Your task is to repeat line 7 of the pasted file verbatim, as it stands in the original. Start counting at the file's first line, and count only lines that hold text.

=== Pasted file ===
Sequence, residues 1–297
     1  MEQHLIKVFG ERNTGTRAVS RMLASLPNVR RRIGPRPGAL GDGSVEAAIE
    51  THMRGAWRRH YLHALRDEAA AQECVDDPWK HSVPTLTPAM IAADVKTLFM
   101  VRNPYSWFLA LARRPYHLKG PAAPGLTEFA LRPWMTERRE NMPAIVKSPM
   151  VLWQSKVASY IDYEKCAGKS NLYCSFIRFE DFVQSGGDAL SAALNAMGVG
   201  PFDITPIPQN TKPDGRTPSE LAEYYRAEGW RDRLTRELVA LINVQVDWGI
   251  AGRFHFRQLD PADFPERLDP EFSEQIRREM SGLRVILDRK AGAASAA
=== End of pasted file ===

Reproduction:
   251  AGRFHFRQLD PADFPERLDP EFSEQIRREM SGLRVILDRK AGAASAA